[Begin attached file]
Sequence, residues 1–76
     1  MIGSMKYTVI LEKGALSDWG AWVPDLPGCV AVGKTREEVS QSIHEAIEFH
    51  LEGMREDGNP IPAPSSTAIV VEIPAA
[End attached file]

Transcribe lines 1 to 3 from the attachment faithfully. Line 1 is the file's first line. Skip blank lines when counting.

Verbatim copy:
Sequence, residues 1–76
     1  MIGSMKYTVI LEKGALSDWG AWVPDLPGCV AVGKTREEVS QSIHEAIEFH
    51  LEGMREDGNP IPAPSSTAIV VEIPAA